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The Importance of Therapy Following Rehab
So you have completed your rehab, you are clean and sober and feeling pretty good about yourself. What now? Is it a case of just carrying on as before, only without the substances? Some people believe this to be the case, but may soon find themselves in trouble and heading for a relapse. In order to ensure this does not happen, most people accept that more work is required.
You might have the support of a twelve step programme or other group support to prevent a relapse, but it is widely acknowledged that in order to remain clean and sober, more action is necessary. The reasons why you became an addict do not just go away because you have been to rehab. In order to achieve long term sobriety, you need to address the issues that led you to addiction in the first place
For most people, this involves employing the services of a therapist. Your rehab provider may have suggested therapy once you leave rehab, and have made recommendations for therapists. If not, your GP or other medical professional can help you with this.
Therapy may involve looking at historical issues such as childhood abuse, neglect or other trauma. It may be painful, and there may be a time when you will feel worse in the process of looking at the underlying issues. However, it is only by going through this process can you fully understand and resolve the past issues that led to your addiction, and so move onto a better place.
For most, if not all addicts, substance abuse is a way of avoiding inner pain. Therapy is about facing up to this pain. There are reasons that this pain needs to be examined, as it is only by examining it and facing down those demons can you learn to make your peace with the past and so move on to lead or more happy and healthy life.
If you imagine the unresolved issues from the past are like an infected wound that is scabbed over. Substance abuse keeps the wound in this state. Therapy opens up the wound, and allows it to be cleansed and so heal more successfully.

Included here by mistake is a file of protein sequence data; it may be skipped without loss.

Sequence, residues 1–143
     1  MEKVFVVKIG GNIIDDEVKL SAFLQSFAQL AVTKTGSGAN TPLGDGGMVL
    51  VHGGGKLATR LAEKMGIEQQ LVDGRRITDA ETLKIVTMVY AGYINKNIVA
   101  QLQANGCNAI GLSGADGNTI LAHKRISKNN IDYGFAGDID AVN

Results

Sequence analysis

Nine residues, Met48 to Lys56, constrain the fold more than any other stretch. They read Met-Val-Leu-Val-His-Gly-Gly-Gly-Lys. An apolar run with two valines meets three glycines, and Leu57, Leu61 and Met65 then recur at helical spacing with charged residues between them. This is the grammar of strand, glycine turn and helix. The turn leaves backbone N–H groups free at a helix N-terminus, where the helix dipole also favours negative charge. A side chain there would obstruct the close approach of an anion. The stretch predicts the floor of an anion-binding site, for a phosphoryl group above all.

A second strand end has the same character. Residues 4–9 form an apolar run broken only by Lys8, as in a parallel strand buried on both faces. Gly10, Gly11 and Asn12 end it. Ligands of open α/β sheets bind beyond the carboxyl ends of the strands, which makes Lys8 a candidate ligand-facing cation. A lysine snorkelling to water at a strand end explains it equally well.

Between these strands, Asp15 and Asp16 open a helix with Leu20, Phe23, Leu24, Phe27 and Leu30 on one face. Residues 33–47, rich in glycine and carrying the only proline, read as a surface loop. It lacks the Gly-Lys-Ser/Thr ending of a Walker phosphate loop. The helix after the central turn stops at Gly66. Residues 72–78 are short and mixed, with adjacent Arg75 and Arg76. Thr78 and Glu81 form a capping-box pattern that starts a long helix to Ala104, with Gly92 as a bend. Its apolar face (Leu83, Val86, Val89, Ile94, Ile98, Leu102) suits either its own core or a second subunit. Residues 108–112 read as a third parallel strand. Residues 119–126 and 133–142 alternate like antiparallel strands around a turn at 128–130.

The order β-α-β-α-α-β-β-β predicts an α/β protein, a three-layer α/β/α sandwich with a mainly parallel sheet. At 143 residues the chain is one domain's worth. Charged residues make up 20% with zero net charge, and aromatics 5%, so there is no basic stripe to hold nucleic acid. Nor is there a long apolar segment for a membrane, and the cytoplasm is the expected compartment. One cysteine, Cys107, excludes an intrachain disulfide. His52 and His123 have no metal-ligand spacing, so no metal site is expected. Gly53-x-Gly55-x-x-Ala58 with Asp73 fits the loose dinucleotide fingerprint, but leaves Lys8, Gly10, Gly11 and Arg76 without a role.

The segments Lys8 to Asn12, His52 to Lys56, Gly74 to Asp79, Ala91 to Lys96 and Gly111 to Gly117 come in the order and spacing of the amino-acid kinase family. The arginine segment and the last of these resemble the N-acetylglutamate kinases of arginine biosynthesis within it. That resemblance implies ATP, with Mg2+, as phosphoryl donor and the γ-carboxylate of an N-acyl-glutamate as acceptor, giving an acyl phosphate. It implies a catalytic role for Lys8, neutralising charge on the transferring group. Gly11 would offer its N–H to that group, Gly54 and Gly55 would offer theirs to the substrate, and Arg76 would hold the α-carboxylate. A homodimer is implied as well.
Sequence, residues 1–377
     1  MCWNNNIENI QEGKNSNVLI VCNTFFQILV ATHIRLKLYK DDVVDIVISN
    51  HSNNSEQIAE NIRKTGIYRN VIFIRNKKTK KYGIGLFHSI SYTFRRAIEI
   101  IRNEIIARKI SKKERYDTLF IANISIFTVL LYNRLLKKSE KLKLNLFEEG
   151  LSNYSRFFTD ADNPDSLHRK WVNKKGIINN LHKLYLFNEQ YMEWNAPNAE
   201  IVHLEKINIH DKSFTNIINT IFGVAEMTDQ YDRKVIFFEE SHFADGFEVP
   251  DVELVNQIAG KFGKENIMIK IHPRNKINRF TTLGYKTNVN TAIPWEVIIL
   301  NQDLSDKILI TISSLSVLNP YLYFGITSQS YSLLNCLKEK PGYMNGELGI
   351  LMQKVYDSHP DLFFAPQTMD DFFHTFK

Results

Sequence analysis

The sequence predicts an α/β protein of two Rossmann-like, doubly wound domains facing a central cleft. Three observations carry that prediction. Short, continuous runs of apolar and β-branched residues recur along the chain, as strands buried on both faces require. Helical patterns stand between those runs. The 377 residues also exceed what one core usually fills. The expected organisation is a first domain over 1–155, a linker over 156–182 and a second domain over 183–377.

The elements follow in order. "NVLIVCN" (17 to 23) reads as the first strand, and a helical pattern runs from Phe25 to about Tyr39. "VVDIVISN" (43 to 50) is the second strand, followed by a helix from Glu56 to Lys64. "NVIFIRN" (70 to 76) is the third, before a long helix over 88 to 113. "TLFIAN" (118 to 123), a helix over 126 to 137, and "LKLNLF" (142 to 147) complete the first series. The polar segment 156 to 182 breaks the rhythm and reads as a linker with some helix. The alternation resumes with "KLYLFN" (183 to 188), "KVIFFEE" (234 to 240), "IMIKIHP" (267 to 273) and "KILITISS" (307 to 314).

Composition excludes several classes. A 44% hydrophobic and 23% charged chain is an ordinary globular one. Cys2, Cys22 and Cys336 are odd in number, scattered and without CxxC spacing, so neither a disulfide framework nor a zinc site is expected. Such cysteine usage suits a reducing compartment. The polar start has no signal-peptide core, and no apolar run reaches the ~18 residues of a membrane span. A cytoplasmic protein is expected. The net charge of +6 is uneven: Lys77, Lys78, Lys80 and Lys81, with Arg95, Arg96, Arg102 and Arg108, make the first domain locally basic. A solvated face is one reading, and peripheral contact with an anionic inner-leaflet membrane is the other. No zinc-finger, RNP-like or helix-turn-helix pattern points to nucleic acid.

Therapy can also help you to resolve current issues in relationships, in self-destructive behaviours, in habitual self-defeating patterns. In the safe space of therapy, you can explore aspects of yourself that lead you into difficulties and troublesome situations. Perhaps you have a history of damaging and destructive relationships, or are constantly arguing with your boss or co-workers. Therapy can help you explore what it is that you can change to help avoid these occurrences.
Therapy can also help you to work out what you want to be and what you want to achieve with your new life in recovery. Through the process of therapy, you can explore your hopes and dreams, as well as the painful, messy issues. Therapy can lead to growth and development, enabling you to achieve your full potential.
So, in order to prevent a relapse in the future, whether it be a month, a year, or even a decade, therapy is the best way to ensure that you leave the past where it belongs, in the past. In the process of therapy, you can develop new ways of coping and interacting with the world. Therapy is a vital process to assist you to consolidate your sobriety, and to enable you to live the best life you can in recovery.
Nina Bradshaw is a professionally qualified social worker and therapist in the UK, where she has thirteen years of experience in the mental health field. She is also in recovery from addiction which gives her a unique perspective on the area of mental health and substance misuse.